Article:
The bottom line is that if globalization prevails the living standards of working people everywhere will be driven down to the lowest level anywhere. The only effective defense is to promote workers standards everywhere through organization and solidarity. Our allies are the workers of the world. We help ourselves when we assist them.

Only Ralph Nader opposes globalization from such a working class solidarity perspective.

Labor Law Reform

Workers need unions to get a fair deal from employers. But labor laws in this country are stacked against our unions. Unlike most other countries, American workers can be permanently replaced when we go on strike. We’re forbidden by law from using successful tactics that helped build the labor movement such as mass picketing and secondary boycotts. Representation election rules for organizing drives give the bosses a big advantage.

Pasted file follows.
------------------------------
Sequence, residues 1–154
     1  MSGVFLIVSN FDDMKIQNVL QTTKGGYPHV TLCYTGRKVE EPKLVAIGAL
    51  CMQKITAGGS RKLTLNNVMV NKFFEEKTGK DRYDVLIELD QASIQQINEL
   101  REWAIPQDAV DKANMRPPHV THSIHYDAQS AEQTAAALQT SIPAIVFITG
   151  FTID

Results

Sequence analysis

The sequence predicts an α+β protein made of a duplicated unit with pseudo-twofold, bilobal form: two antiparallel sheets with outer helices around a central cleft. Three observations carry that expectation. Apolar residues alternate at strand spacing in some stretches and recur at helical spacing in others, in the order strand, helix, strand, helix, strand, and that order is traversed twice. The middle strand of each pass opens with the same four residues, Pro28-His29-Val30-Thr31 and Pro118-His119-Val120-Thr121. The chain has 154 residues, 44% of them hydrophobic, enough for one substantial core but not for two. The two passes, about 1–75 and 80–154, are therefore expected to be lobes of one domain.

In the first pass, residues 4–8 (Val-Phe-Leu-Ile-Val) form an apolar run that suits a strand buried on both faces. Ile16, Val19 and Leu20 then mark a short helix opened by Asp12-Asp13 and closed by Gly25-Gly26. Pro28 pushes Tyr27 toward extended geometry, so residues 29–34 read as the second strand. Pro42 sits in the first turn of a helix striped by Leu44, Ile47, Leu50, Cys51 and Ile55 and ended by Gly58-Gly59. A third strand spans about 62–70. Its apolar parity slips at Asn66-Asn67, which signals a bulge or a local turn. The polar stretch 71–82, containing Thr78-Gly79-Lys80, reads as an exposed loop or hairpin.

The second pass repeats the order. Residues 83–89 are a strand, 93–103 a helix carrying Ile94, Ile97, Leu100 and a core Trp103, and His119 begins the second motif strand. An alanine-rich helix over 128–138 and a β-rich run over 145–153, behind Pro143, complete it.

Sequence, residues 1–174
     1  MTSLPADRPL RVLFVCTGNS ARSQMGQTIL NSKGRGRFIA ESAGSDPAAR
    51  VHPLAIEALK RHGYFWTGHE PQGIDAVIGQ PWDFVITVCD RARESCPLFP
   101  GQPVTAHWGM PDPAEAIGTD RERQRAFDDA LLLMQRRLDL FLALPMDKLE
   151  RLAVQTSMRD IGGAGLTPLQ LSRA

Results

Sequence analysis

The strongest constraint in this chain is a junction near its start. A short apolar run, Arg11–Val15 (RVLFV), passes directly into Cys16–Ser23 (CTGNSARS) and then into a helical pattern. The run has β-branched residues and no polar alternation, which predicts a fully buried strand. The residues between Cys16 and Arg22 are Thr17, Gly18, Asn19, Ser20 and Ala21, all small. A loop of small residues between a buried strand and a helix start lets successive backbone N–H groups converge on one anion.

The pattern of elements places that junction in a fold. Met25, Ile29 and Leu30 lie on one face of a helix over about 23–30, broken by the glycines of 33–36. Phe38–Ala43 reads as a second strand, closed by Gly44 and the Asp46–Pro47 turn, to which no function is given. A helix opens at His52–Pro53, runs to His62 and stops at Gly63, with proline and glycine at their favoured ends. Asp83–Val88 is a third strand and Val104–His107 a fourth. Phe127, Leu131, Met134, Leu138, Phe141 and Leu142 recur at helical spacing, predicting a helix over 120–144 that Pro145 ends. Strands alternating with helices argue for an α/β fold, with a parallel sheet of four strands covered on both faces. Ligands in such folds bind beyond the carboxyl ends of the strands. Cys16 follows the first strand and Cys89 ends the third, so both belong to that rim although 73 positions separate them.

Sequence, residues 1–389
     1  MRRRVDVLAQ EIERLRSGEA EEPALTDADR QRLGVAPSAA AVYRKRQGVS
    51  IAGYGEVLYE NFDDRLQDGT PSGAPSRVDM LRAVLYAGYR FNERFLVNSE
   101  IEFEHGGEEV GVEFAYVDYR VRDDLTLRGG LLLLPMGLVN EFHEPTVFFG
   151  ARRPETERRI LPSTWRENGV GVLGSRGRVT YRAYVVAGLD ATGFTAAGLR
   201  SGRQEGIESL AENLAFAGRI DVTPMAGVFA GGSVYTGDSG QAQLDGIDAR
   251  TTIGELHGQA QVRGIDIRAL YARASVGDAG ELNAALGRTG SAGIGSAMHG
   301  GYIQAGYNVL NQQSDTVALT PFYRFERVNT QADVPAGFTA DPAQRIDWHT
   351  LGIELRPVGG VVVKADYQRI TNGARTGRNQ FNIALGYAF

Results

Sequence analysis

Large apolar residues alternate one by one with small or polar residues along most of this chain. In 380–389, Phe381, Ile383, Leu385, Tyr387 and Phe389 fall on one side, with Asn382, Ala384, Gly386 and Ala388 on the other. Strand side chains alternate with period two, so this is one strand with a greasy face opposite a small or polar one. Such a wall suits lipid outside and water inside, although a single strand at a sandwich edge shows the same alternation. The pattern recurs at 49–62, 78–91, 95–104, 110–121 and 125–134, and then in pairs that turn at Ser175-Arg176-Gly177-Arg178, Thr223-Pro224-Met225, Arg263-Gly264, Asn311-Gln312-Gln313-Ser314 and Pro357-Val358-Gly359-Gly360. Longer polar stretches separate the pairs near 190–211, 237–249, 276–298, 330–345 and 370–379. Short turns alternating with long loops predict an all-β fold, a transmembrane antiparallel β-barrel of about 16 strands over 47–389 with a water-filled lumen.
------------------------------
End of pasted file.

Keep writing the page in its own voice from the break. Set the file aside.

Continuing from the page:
Bush, Gore, and Buchanan all support these restrictions. Nader favors repealing the Taft-Hartley Act and proposes that unions be certified to bargain for workers once a majority have signed authorization cards.

 

Only Ralph Nader favors real labor law reform and encourages workers to organize.

About Ralph Nader

Many credit Nader with launching the consumer protection movement. Among the organizations he has helped found are Public Interest Research Groups and Public Citizen. He also helped start the respected magazine Multinational Monitor. 

What Some Labor Leaders Are Saying About Nader

It's time to forget about party labels and instead focus on supporting  candidates, such as Ralph Nader, who will take a stand based on what is right, not what big money dictates.—United Auto Workers President Stephen  Yokich.

There is no distinction between Al Gore and George W. Bush when it comes to trade. We agree wholeheartedly with what Mr. Nader has said.—James P Hoffa, President, International Brotherhood of Teamsters.

What makes Ralph Nader stand apart is his uncompromising commitment to a comprehensive program for universal  health care for all, and his unwillingness to play politics on health care while peoples’ lives hang in the balance. He is the real thing, and he deserves the support of caregivers. —Kay McVay, President, California Nurses Association.